Engine and power generation company Cummins developed a specialized inverter that takes DC voltage power from the fuel cell and converts it to AC voltage to go into the servers. Getting fuel cells to work with each other was a challenge, because they are not designed to do so. Cummins put together a custom inverter that made it feasible for fuel cells to operate together, which McKinstry installed with a fuel-cell connection.

The company developed this type of inverter for data center applications, and it was customized to meet the project’s power and reliability requirements.

“The partners worked together to build this data center using Cummins’ experience in power systems, inverters and hybrids across many applications to meet the unique objectives and requirements,” Ronco said.

McKinstry also installed a de-ionization skid to provide the cleanest water possible, which reduced the need for fuel-cell maintenance. They also installed a gas analyzer to extract information about the characteristics of gas and exhaust from the fuel cell. In this way, the team can better understand what happens inside, what the fuel looks like going in, and what the exhaust coming out does.

Monitoring efficiency is another part of the system. Traditional generator efficiency is merely 25 percent, while fuel cells are in the range of 60-plus percent and could be as high as 80.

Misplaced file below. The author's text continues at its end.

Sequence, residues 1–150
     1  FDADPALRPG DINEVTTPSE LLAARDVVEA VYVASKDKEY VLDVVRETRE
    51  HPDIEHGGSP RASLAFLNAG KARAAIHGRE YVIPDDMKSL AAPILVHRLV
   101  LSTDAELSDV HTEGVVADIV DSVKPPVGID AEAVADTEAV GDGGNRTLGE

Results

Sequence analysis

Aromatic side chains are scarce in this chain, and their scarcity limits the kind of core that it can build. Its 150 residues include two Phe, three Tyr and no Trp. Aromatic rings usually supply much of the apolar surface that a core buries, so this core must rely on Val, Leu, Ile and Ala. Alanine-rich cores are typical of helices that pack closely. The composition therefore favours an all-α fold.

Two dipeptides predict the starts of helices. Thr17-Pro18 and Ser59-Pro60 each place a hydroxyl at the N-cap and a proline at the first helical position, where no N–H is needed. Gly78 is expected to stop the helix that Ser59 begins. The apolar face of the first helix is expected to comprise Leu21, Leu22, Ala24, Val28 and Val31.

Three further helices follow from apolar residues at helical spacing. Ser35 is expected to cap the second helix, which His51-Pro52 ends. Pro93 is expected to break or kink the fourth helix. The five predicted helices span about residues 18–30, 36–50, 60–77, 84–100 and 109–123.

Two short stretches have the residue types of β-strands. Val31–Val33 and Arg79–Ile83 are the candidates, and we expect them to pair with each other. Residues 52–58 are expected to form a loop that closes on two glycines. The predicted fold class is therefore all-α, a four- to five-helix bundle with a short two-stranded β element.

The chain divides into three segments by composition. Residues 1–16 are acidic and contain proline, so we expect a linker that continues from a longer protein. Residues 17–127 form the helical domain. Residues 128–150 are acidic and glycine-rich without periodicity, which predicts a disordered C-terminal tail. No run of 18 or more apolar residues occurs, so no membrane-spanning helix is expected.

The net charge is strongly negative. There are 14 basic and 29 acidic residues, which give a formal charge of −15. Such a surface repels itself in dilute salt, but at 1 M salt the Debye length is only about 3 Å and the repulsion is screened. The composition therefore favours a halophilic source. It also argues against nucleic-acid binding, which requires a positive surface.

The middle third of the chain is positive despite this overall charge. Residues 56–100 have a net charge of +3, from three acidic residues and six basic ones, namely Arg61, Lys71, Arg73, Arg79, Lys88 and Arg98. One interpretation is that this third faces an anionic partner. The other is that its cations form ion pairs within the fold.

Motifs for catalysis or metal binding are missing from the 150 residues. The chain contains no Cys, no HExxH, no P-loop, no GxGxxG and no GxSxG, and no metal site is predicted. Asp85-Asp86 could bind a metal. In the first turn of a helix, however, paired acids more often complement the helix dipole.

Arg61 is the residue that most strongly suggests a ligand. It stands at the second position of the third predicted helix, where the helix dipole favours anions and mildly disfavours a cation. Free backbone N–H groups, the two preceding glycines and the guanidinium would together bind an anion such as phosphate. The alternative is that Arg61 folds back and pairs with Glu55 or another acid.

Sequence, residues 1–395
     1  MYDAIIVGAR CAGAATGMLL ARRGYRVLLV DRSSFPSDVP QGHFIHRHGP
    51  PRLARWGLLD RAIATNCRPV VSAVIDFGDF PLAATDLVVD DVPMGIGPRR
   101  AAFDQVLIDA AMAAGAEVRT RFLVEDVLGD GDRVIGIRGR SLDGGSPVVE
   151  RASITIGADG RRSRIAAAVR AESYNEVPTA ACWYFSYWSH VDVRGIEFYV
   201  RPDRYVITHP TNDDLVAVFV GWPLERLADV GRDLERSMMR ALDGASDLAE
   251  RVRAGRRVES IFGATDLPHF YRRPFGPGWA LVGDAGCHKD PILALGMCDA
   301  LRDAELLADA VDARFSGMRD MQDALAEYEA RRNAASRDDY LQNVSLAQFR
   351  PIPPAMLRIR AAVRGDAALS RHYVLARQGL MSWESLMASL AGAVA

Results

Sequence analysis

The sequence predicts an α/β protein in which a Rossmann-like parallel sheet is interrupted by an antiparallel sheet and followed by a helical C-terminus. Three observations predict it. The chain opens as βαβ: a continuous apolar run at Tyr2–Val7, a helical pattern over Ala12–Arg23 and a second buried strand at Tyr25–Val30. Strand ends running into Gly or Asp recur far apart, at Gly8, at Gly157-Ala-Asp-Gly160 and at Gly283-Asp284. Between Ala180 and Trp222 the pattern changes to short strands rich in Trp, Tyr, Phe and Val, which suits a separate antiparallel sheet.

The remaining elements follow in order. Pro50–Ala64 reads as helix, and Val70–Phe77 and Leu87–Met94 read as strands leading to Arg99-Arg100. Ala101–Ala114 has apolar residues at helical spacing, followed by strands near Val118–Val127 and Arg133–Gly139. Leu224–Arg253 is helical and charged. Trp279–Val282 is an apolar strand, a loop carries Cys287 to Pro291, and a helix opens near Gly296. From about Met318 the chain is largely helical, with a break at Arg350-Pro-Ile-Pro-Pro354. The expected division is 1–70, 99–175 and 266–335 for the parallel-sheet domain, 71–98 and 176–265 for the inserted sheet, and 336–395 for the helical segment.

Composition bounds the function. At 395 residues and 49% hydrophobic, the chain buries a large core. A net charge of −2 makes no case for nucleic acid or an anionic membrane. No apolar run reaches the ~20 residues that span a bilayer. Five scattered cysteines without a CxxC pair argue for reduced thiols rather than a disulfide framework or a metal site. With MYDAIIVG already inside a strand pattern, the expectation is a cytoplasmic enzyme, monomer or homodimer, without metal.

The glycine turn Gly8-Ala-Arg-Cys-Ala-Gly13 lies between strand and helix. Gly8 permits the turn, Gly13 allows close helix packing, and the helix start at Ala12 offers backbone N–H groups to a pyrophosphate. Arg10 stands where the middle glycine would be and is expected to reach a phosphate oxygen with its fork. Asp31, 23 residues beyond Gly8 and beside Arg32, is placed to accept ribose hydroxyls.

“One of our main goals was to prove that this was safe and achievable,” Ronco said. “[McKinstry] had to devise a system that could meet FC-1, a 700-page ANSI standard. [There was] definitely lots of engineering headaches to make sure what we ended up with would pass those evaluations and prove it’s safe.”

The fuel-cell units themselves are like big, heavy refrigerators. Sodo, in Seattle, is in a seizmic zone; therefore, installing them to be earthquake-safe required specialized secure mounting. However, it also needed to be disassembled without removing bolts or welds so Microsoft could quickly disconnect for maintenance and repair. McKinstry devised and fabricated a pin-and-sleeve disconnect skid in its fabrication shop.

“The objective of our Advanced Energy Lab pilot is to trial the effectiveness of powering a data center with fuel cells, simplifying the long transmission process that afflicts traditional data centers,” James said. “Using fuel cells reduces the number of transmission steps, lowering the cost of data center operation and allowing less opportunity for unreliability, while almost doubling the data center’s energy efficiency.”

“Microsoft’s data centers are already as much as 93% more energy-efficient and as high as 98% more carbon-efficient than on-premises data centers,” James said, adding that it’s due to extensive efforts in IT efficiency from chip-to-data-center infrastructure and renewable energy. “With strong investment in R&D projects like the Advanced Energy Lab, we hope to take this a level further.”

James said the Advanced Energy Lab could also pay dividends for other large consumers of energy,” such as electric utilities, who are increasingly tasked with bringing more energy into cities, despite the challenge of limited space for more electrical lines.

“It’s a very safe, secure but sophisticated operating system,” Ronco said, adding that there’s no potential chance for gas levels to get out of balance. “Because we have taken upon ourselves to invest in design and construction to include all the specialty systems, architectural metals, it put us in a position to help innovate.”

The data center has garnered accolades, winning several industry awards.